and NaOH (0.1 M). After, each experiment, the solution is centrifuged at 4000 rpm for 10
min. The MB concentration is determined by measuring the absorbance of the supernatant at
661 nm (λ max for MB) by UV-Vis spectrophotometer (Techcomp UV2300).The adsorbed
amount at equilibrium was calculated by the following equation (1):
(𝐶0 −𝐶𝑒𝑞 )
qe = *V (1)
𝑚
Where qe (mg.g-1) is the amount of the MB adsorbed on the absorbent; C0 (mg.L-1) is the
initial concentration of MB; Ce (mg.L-1) is the equilibrium concentration of MB; V (L) is the
volume of the solution used and m (g) is the mass of absorbent used.

2.4. Data evaluation

2.4.1. Adsorption kinetics


In this study, we focused on two kinetic models commonly used namely pseudo-first order
and pseudo-second order. These models are particularly easy and have good ability to
describe the adsorption.

The pseudo-first-order model [22-24] is based on a linear relationship between the amounts of
solute attached to the material surface over time. Several authors have used this irreversible
kinetic model to describe the adsorption of organic and inorganic solutes on heterogeneous
surfaces. It is represented by equation (2) [25]:
𝑘1
log (qe - qt) = log qe - t (2)
2,303

The pseudo-second-order kinetics models [23, 26-29] have been developed to approximate as
much as possible the real reaction mechanism. It is expressed by equation (3):
𝑑𝑞 𝑡
= k2 (qe– qt)2 (3)
𝑑𝑡
Where qe and qt are the amounts of MB molecules adsorbed (mg.g-1) on the natural clay at
equilibrium and at time t, respectively and k1 (min-1) and k2 (g.mg-1.min-1) are the pseudo-first
and pseudo-second-order rate constants, respectively.

2.4.2. Adsorption isotherms

Several Adsorption isotherm models have been developed by different researchers to predict
validity of the experimental data. The most commonly used are Langmuir [30], Freundlich
[31] and Timken [32].
Langmuir model assumes that the maximum adsorption corresponds to monolayer coverage
of the adsorbent surface, that the adsorption sites are homogeneous and also the adsorbed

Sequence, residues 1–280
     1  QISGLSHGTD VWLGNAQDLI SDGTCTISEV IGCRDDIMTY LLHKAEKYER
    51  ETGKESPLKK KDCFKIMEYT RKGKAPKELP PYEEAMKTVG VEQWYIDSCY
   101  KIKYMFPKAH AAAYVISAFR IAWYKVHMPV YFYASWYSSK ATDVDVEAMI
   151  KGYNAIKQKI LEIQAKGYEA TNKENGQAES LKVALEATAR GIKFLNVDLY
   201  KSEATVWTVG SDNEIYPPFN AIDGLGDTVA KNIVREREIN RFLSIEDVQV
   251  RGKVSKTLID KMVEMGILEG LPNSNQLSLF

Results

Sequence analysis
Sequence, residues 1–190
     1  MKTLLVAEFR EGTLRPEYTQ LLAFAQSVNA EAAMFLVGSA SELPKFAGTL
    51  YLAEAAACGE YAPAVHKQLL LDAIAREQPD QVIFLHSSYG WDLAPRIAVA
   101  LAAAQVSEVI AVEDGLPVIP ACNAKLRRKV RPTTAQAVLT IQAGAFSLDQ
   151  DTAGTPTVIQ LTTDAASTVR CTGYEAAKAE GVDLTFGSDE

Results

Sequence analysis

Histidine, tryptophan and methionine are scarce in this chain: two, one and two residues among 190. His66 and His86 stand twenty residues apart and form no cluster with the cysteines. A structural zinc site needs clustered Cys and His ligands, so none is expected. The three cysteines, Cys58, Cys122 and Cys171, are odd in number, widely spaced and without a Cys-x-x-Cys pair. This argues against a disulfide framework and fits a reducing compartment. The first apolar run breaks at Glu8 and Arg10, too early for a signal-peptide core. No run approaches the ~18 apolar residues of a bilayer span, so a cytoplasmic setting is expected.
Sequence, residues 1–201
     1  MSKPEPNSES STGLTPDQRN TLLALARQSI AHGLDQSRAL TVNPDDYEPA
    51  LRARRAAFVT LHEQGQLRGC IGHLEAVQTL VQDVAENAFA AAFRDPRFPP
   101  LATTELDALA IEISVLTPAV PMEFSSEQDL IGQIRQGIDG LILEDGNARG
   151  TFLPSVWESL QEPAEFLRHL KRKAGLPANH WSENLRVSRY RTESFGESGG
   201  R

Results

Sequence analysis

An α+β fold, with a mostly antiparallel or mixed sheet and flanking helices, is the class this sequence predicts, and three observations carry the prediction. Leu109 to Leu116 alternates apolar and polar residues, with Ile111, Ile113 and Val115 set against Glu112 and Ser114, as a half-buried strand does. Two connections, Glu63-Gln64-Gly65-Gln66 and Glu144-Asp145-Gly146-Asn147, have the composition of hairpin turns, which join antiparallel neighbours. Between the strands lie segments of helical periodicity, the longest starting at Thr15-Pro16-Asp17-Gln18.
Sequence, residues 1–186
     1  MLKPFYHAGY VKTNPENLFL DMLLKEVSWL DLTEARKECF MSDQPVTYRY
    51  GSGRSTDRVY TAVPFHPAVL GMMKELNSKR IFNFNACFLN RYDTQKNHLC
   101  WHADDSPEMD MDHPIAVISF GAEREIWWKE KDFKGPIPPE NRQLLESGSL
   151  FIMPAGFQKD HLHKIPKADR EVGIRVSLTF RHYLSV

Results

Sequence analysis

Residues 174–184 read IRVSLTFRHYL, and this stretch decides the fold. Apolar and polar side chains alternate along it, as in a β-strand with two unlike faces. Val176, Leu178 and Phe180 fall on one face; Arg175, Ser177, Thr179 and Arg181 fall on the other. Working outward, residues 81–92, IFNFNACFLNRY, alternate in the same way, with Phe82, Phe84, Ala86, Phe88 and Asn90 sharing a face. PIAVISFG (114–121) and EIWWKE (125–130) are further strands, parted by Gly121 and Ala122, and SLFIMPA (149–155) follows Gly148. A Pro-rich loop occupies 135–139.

molecules do not exhibit interactions between them [25,33].
The linear form of the Langmuir equation is given by the following equation (4):
𝐶𝑒 𝐶𝑒 1
= + (4)
𝑞𝑒 𝑞𝑚 𝐾𝐿 𝑞 𝑚

Where Ce (mg.L-1), qe(mg.g-1), qm (mg.g-1) et KL (L.mg-1) are the equilibrium concentration of


the dye, the amount of dye adsorbed at equilibrium, the maximum adsorption capacity, and
the Langmuir constant.
The essential characteristics of the Langmuir isotherm can be expressed in terms of a
dimensionless separation factor (RL) [34,35], which is defined by equation (5):
1
RL = (5)
1+𝐾𝐿 𝐶0

Freundlich isotherm admits the existence of an interaction between adsorbed molecules and
that the adsorption of adsorbate has taken place on a heterogeneous surface with a non-
uniform distribution of the heat of adsorption [25]. It is represented by the following equation
(6):
𝐶
lnqe = ln KF + ln 𝑛𝑒 (6)

Where Ce (mg.L-1), qe (mg.g-1), KF ((mg.g-1) (L.mg-1)1/n) and n represent the equilibrium


concentration, the amount adsorbed, the Freundlich isotherm constant related to adsorption
intensity, respectively [36]. The n value indicated the favorability of adsorption process, the
adsorption is favorable if the values of n > 1 and it is unfavorable if n < 1 [37-40].
Temkin isotherm assumes that the heat of adsorption of all molecules decreases linearly with
coverage due to adsorbate-adsorbent interactions [32].The Temkin isotherm is represented by
the following equation (7):
qe = B ln KT+ B ln Ce (7)
-1
Where B is a constant related to the heat of adsorption (J.mol ) and KT is the Temkin
isotherm constant (L.mg-1).